I was fortunate enough to meet Lee Murray earlier this year at UnCONventional – a Sci Fi / Fantasy convention in Auckland, and to be a part of her ‘Great New Zealand Book Race‘. It is an honor to get to interview her here on my blog!
Please tell me a little about yourself.
I’m 47 (eek!) next week, so I’m a latecomer to writing. I’m married to David, with two teenage children. To date I’ve run 21 marathons, heaps of half-marathons and an ultra. I’m one half Chinese, and all New Zealander. I can speak French, but I’m a hopeless cook, worse cleaner, and only an annual ironer.
When did you know you wanted to be an author? What changed?
I’ve always scribbled, and I had it in the back of my mind that some day I’d write a book, but it was about five years ago, after my son started school, that I decided that some day had arrived.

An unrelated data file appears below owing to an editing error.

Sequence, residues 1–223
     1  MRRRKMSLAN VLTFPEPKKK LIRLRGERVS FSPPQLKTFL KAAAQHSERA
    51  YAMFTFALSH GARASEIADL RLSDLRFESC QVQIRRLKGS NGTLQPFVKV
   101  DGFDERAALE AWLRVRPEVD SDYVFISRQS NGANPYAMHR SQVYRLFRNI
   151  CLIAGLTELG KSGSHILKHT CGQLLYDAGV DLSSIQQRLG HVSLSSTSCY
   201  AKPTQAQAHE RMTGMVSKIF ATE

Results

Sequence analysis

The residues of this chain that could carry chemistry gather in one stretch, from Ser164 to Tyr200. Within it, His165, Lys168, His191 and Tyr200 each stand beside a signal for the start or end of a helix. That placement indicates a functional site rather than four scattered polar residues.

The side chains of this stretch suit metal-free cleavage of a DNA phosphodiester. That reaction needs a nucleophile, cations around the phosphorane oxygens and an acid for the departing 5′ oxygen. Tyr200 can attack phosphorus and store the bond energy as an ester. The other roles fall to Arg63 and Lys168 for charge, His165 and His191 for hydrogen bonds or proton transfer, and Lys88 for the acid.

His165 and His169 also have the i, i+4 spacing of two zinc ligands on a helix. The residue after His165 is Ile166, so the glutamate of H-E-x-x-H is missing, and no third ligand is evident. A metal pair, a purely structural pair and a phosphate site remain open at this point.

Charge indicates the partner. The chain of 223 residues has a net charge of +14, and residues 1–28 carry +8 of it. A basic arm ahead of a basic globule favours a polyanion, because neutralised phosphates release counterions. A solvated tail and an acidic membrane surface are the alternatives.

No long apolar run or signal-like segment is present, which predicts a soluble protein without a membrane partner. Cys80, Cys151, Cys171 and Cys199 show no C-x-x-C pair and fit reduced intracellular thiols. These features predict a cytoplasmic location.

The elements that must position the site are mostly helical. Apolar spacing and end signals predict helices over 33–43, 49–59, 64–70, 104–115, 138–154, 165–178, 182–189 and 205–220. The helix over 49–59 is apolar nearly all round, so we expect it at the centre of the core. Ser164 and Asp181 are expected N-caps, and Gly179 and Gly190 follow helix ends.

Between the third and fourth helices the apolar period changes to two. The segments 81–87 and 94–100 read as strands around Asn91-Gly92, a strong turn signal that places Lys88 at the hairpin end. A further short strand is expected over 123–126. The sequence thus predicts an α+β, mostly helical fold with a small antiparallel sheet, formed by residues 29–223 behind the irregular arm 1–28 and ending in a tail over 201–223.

What do you love most about writing?
You mean, apart from being able to wear my dressing gown to work? I love that when you call yourself a writer, even at my age, it’s okay to have imaginary friends. I love waking up wondering how my characters are going to surprise me today. I love meeting other writers and being inspired by their stories. I love seeing my books on shelves at the library or the bookstore. But mostly, I love the response I get from readers, like this note I received from Bradley (aged 8) after he read Battle of the Birds:
“It was awesome. When you read it you’re, like, what happens next? It really does make you think about how it would feel for you if it happened to you. For me it would feel very, very awesome. It’s super-entertaining. Unputdownable.”